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Steve Braunias names the best novel of the year so far

The dark and topical shadow of shamed TV presenter Kamahl Santamaria looms over Down from Upland, a brilliant novel by Wellington writer Murdoch Stephens. It’s a satire of the Wellington civil service – its anxieties, its directives, its sexual tensions – and Stephens handles it with great skill, including a long, excruciating scene where the main character blunders his way towards a complaint of sexual harassment. It takes place in a downtown bar. Stephens offers the reader a seat at their table. We hear the older male, younger female encounter at close range – his insistence on  talking about sex, her silence and discomfit. It’s so awful to witness and also so compelling to read. The stories told about Santamaria’s case are broad, remote. Down from Upland offers setting, dialogue, and the black comedy of saying all the wrong things.

In her otherwise positive Listener review of Down from Upland, Josie Shapiro damned it with faint criticism. She felt it lacking in “sensitive narrative engagement”. There were too many “chatty jokes”, she felt.  “Satire works best when there’s emotional truth at play,” she announced. I don’t know if that rule can be applied any more than the repeated dictums that satire must not punch down. I think satire works best when it’s funny, and Down from Upland is very funny. I also think it’s the best New Zealand novel of the year to date and that it ought to be a best-seller, bought in droves. This is a book anyone can read and take pleasure in recognising codes of conduct in 2022.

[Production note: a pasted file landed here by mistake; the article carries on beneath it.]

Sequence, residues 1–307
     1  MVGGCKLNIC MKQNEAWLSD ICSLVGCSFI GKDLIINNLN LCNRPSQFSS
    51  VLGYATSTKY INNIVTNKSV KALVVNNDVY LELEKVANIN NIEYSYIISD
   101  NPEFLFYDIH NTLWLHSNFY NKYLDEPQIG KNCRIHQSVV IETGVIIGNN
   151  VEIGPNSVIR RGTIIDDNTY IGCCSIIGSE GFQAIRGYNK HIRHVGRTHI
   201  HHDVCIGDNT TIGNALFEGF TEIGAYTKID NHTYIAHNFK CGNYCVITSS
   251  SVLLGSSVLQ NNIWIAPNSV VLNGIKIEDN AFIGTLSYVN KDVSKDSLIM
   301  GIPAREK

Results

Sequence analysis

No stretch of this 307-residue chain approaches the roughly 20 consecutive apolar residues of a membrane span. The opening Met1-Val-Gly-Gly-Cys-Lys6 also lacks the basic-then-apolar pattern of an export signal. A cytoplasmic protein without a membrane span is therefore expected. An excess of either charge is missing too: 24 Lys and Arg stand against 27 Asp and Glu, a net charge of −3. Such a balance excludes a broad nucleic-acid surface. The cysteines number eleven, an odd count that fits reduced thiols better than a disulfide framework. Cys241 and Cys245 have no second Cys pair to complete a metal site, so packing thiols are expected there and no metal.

It takes place on the steep banks of Wellington suburbs (the title is named after Upland Road, that main arterial route in Kelburn) and within the seething canyons of the CBD. He takes you with him in this comedy of manners. You’re there on the Saturday night bus to Brandon Street in the city. You’re there opening and closing the little wooden gate of a house in Kelburn. And you’re there in a civil service office watching and listening to another excruciating scene, this time with the demons of every private and public corporation, HR.

The comedy is constant, because it attaches itself to the actual nature of the book’s central character, Scott. A generation ago he would have been labelled a Snag, or sensitive new age guy, someone passive and liberal and fun to mock. Scott is all those things but Down from Under is up to date, contemporary. Scott and his wife Jacqui are among the first generation of millennials who now find themselves as parents of a teenager. Their blunderings and pious attempts at parenting are 2022-centric. They talk to their son Axel about the importance of respecting gender pronouns, and press upon him the notion of moderate drinking (low-alcohol beer is a motif in the book).

The plot, such as it is, tells the tale of Scott’s misfortunes. He discusses the concept of an open marriage with Jacqui. She’s keen. Scott’s keen, too, and tries it on with Linnea, who works in his office. They meet for a drink. It goes really badly. As an up to date, contemporary book, it behoves Down from Upland to deal with #MeToo and sexual harassment, but it doesn’t feel contrived, or like a requirement: Stephens goes about telling his story at an even pace, and stays  faithful to his characters.